How self-service analytics ‘caught fire’ across Southwest Airlines

With a fleet of more than 700 airplanes operating 3,500 flights a day, Southwest Airlines has a lot of data.

“We’ve got data on planes, customer interactions, airports, and etc. So if you can think of the different dimensions that I have to play with—the analysis, the forecasting—it kind of blows your mind,” says Tom Laney, a Business Consultant in the Data Science Center.

But getting a full picture of the data hasn’t always been easy. Data existed in silos across the company. Not everyone had access to the same data, which often resulted in multiple sources of truth.

People were manually pulling data from whatever sources they could. They were analyzing that data in Excel then sharing findings via PowerPoint. Insights usually came in the form of monthly reports, and people couldn’t easily build on each other’s work. There was a lot of duplication and a lot of data discrepancies.

To get everyone on the same page, Tom and his team needed a self-service data-integration tool. And they’d heard great things about Tableau.

“We saw Tableau as more than just a great visualization tool. It can connect to our Oracle database, our SQL database, our Teradata database, and Excel all in the same place—I mean, are you kidding me!” says Tom.

Southwest started with just a handful of Tableau Desktop licenses, but that number quickly grew.

“As soon as we began sharing our dashboards, word began to spread,” says Tom.

Other teams began calling, asking about this tool that would not only connect to multiple data sources but also allow people to explore the data for themselves in real-time.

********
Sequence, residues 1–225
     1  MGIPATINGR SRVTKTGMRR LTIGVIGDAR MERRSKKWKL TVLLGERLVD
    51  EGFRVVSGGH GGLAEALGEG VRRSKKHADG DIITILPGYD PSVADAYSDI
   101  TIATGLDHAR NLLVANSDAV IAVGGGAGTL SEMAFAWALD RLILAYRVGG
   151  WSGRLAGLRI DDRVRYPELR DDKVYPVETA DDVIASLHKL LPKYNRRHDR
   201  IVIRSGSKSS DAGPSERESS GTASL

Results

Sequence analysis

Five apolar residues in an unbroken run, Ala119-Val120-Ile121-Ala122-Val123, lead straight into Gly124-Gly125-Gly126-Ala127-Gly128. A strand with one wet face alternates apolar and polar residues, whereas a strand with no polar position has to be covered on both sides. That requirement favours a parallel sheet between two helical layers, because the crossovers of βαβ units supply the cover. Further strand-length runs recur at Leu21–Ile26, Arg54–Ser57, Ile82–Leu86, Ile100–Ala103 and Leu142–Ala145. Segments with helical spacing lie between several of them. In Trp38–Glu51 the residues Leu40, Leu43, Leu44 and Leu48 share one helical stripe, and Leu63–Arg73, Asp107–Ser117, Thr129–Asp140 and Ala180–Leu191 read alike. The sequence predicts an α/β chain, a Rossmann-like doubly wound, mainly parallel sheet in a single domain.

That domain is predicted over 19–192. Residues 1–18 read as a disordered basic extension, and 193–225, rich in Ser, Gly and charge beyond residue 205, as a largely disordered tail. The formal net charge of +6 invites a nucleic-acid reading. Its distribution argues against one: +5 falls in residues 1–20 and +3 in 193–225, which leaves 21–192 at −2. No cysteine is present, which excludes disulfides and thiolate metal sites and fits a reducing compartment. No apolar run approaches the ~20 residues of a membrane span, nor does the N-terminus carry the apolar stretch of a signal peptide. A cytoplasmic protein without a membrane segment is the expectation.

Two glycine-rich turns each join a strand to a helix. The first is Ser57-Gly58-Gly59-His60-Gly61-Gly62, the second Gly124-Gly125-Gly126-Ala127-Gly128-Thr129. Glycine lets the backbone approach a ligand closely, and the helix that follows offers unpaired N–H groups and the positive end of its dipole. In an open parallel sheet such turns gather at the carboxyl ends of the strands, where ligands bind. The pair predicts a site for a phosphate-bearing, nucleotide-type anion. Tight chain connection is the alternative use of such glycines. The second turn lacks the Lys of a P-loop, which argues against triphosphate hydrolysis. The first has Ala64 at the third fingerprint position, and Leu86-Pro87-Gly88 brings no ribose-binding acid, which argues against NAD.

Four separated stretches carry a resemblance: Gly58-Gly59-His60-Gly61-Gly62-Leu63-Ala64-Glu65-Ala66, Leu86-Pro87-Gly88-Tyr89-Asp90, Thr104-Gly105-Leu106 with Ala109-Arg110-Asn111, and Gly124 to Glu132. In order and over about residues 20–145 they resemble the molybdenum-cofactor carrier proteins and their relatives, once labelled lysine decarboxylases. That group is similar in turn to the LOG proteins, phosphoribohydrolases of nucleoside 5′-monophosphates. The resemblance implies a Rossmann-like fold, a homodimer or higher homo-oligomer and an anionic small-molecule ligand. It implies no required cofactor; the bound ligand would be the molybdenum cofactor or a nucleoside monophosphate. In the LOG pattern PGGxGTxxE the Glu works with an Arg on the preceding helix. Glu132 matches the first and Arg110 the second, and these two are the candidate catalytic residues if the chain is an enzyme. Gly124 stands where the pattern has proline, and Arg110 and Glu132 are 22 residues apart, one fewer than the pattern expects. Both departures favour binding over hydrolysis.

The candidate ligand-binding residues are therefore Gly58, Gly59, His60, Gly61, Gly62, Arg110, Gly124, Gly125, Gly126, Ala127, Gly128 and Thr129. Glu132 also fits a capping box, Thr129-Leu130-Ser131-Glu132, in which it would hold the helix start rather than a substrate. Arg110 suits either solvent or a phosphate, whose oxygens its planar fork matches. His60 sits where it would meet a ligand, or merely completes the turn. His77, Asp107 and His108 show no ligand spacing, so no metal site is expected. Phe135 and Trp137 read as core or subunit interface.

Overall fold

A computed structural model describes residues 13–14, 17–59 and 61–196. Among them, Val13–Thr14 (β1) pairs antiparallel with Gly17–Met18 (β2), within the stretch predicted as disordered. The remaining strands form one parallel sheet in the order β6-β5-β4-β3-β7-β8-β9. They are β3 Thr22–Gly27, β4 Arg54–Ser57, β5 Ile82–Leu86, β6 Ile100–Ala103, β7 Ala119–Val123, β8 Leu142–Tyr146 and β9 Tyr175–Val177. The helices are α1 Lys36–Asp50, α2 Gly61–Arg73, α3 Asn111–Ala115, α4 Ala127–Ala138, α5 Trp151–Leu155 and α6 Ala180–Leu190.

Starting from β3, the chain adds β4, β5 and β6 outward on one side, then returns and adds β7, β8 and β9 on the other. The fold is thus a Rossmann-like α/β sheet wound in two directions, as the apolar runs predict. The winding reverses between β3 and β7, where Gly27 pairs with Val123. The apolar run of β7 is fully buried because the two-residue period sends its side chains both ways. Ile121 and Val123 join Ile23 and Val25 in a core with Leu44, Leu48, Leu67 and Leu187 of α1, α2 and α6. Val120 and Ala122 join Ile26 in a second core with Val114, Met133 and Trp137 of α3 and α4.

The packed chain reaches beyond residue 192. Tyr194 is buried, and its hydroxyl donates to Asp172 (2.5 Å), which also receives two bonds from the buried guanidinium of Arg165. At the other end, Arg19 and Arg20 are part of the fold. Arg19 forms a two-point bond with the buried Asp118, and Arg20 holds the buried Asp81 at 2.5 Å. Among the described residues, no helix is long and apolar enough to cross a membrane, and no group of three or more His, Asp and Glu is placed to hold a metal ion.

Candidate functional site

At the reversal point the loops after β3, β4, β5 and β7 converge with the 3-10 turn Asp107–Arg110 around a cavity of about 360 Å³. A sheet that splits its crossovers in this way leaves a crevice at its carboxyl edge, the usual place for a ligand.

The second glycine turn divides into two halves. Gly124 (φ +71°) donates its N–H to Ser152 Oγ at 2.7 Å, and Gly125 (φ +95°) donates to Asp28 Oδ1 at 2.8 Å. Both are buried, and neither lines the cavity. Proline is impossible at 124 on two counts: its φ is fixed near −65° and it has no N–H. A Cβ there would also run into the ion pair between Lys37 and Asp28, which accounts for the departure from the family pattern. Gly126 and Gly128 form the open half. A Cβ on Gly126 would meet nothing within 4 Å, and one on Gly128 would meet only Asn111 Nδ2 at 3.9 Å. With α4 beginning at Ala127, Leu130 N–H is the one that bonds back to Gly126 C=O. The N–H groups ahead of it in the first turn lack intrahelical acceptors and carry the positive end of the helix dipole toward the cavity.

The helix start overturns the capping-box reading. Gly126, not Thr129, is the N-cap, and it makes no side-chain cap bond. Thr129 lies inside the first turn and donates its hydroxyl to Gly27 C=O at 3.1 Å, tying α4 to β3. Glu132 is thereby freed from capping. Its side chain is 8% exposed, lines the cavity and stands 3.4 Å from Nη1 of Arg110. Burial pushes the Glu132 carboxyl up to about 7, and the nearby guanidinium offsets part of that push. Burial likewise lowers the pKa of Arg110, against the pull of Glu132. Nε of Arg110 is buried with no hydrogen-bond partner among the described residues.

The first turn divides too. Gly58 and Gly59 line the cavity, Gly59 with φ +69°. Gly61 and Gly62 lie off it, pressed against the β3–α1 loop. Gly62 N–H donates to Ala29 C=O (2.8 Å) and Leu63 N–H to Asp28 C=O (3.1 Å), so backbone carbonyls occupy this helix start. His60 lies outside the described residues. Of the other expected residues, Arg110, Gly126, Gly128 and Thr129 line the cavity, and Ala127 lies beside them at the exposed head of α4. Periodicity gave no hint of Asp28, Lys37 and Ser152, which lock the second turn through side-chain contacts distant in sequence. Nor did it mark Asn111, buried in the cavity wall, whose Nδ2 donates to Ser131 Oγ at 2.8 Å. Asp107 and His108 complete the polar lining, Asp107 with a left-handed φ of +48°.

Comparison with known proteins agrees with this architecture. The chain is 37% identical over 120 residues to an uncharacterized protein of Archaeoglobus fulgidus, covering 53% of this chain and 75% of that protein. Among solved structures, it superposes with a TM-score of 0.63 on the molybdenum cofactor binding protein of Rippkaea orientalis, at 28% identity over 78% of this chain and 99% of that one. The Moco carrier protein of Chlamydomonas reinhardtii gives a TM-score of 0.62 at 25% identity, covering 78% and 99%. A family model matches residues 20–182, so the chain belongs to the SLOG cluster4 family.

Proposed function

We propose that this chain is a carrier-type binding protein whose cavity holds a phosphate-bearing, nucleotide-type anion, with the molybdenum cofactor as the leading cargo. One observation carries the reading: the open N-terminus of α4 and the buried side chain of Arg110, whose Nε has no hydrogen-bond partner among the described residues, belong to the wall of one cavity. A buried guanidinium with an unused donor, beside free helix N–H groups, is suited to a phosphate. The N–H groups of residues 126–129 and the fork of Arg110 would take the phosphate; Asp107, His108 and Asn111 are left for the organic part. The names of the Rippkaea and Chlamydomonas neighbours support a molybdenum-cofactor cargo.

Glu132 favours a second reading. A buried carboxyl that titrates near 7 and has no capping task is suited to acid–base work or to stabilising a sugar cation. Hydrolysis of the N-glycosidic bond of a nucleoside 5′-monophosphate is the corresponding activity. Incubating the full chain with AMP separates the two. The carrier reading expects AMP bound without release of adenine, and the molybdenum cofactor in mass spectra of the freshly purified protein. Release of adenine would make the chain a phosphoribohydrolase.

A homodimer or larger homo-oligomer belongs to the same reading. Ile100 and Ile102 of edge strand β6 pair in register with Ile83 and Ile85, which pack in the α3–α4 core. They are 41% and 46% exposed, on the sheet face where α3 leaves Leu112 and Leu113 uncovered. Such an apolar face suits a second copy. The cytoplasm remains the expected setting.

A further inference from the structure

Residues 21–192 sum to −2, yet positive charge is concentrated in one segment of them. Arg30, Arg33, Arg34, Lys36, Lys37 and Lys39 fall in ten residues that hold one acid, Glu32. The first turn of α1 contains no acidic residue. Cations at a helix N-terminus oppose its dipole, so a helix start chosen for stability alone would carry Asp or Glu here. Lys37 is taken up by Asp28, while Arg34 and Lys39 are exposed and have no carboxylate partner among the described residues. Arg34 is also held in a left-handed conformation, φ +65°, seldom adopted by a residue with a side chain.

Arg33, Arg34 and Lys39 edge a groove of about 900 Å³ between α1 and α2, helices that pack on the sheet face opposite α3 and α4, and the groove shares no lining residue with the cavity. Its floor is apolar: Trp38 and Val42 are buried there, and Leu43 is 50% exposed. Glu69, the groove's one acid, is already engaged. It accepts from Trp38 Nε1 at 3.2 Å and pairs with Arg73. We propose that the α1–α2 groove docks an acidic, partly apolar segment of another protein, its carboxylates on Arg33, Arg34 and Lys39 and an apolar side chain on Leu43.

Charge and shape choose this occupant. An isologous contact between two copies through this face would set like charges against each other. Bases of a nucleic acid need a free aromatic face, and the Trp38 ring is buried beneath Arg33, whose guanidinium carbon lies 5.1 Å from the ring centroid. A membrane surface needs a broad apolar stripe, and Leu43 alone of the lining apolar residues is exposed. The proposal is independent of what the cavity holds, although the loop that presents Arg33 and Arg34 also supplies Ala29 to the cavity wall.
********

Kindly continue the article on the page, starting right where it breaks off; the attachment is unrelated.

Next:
‘You choose the question and up pops the Tableau dashboard’

Among those who called was the Technical Operation Fleet Reliability Group. The department provides insights on maintenance and engineering—crucial information for managing the health of Southwest’s fleet of Boeing 737s to the highest standard.

The team utilizes data generated by Flight Operations, Ground Operations, Inflight, and Technical Operations as well as digital data straight from the aircraft onboard-monitoring system captured in real-time.

Data is a crucial piece of the team’s planning and strategy, and Excel and PowerPoint weren’t quite cutting it. The team needed a more powerful analytics tool to find answers at the speed of business.

“We had to do something different because our leadership was calling for more information on demand versus the we’ll-get-it-to-you-in-a-week approach,” says Troy Roskop, Manager of Aircraft Reliability on the Maintenance team.

Troy and his team had heard about other teams’ successes with Tableau, so they decided to give it a try. And the tool quickly “caught fire,” says Troy.

“Within about four months, I had a full deck of people that can use Tableau like it’s no one’s business,” says Troy.

Using governed data sources provided by IT, analysts authored interactive dashboards and embedded them in Southwest’s web portal for easy access.